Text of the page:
Michael Amato is a fine art photographer, emerging artist, and a Hilla Rebay Post Baccalaureate Fellow at Trinity College in Hartford Connecticut. Much of his work carries a central theme of paranoia; regarding his concern with the advancement of technology and its impact on the human mind and society, issues of privacy loss in an age of virtual transparency, and the impact of a culture of fear in the western world. Other bodies of work focus on cultures and ways of living that fascinate him. At the University of Connecticut, he was the recipient of several grants and awards; most notably the SURF Award and the Supply Award which funded his creative projects Documenting the Burner Subculture and FLOWHANA: Photographs of the Hawaii Fire Artists. His work has been exhibited nationally and internationally, and featured in several photography journals and print publications. He currently works and lives in central Connecticut.
Fear Culture, USA
“All media exist to invest our lives with artificial perceptions and arbitrary values.”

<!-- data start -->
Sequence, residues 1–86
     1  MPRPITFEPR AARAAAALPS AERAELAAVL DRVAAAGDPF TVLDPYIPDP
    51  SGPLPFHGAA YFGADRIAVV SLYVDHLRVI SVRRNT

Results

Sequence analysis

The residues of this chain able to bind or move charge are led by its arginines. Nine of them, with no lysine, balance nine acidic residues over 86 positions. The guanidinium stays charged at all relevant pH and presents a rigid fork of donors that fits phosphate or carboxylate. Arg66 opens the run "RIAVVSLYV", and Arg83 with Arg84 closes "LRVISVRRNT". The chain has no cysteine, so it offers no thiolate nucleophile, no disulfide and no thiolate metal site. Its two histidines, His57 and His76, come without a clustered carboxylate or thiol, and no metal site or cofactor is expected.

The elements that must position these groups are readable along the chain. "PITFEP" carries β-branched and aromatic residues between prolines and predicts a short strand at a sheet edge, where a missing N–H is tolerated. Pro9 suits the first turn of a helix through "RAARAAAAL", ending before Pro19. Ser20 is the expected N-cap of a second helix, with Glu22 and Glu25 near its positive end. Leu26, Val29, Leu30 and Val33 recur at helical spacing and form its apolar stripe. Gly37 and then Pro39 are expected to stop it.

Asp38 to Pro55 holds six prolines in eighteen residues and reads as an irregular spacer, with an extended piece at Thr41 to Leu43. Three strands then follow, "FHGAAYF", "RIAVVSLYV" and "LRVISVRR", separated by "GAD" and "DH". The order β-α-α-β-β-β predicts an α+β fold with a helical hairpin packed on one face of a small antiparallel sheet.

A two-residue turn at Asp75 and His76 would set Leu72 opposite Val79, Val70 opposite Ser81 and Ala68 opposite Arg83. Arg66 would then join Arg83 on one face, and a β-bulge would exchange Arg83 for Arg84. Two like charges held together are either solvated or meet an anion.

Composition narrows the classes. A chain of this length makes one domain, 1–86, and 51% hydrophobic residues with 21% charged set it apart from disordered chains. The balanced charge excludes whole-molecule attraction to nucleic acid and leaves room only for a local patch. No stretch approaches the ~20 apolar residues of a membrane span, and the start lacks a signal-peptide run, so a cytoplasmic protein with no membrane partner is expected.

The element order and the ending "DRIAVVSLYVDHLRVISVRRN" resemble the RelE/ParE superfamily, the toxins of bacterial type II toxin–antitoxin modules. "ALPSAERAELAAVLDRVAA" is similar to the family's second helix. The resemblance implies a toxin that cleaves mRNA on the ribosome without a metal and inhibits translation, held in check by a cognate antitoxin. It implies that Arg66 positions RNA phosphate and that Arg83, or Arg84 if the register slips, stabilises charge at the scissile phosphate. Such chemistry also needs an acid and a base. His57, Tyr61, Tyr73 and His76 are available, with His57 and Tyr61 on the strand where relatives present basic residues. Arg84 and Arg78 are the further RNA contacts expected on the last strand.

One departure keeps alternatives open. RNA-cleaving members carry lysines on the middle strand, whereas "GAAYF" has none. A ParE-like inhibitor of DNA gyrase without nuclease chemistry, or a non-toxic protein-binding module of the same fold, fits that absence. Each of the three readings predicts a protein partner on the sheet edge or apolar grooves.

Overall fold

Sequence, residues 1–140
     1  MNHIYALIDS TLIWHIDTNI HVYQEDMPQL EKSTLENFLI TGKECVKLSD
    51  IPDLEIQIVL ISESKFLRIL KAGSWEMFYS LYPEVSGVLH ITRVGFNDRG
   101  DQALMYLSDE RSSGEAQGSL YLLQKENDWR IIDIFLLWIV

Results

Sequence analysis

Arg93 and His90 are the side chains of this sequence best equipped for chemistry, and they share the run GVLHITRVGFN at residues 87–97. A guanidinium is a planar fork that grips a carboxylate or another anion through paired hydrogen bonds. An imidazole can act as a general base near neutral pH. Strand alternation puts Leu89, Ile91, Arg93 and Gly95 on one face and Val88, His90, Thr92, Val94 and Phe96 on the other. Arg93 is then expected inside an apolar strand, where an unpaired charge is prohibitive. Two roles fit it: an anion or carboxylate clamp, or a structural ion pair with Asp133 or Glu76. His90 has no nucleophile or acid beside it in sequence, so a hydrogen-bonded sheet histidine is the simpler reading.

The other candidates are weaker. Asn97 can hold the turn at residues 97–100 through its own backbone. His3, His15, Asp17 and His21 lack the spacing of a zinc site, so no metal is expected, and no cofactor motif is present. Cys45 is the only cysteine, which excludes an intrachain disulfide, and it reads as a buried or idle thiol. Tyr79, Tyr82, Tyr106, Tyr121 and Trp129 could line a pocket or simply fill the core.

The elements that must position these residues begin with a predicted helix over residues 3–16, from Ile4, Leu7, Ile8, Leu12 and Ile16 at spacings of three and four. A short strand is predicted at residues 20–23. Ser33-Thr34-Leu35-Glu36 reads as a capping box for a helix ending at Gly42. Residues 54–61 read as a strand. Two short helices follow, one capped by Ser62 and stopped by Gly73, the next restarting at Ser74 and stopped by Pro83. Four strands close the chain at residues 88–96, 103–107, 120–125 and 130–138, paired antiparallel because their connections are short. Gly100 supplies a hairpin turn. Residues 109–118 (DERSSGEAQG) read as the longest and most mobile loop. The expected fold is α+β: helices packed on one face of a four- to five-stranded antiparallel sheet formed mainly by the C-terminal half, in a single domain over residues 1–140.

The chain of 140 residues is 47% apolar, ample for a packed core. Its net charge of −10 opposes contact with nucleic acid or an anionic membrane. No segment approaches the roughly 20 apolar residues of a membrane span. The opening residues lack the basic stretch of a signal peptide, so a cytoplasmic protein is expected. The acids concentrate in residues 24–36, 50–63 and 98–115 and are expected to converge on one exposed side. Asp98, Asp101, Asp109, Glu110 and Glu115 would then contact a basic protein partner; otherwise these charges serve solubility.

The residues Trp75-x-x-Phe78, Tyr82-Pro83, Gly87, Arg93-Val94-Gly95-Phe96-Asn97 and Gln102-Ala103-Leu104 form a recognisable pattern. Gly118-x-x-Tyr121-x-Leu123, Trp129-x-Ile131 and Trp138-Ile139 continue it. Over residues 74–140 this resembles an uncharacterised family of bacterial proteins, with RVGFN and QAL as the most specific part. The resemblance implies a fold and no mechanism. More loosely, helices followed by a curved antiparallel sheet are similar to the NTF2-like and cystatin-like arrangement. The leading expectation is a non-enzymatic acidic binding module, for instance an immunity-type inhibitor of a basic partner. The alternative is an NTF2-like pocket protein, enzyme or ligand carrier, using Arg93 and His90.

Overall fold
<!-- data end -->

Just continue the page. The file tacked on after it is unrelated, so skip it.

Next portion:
– Marshall McLuhan
Fear Culture, USA is a photo essay that examines the prevalence of the 24-hour cable news cycle in the life of the average American. This series of photographs attempts to highlight how omnipresent the television and cable news are in the everyday public and private environments we inhabit. In these photographs imagery from newscasts of past, recent, and current events are contrasted by happy homes and relatable everyday settings. My purpose in developing this project was to draw attention to how a constant stream of breaking news and imminent threats might have a lasting effect on our collective conscious.
To view more of Michael Amato’s work please visit his website.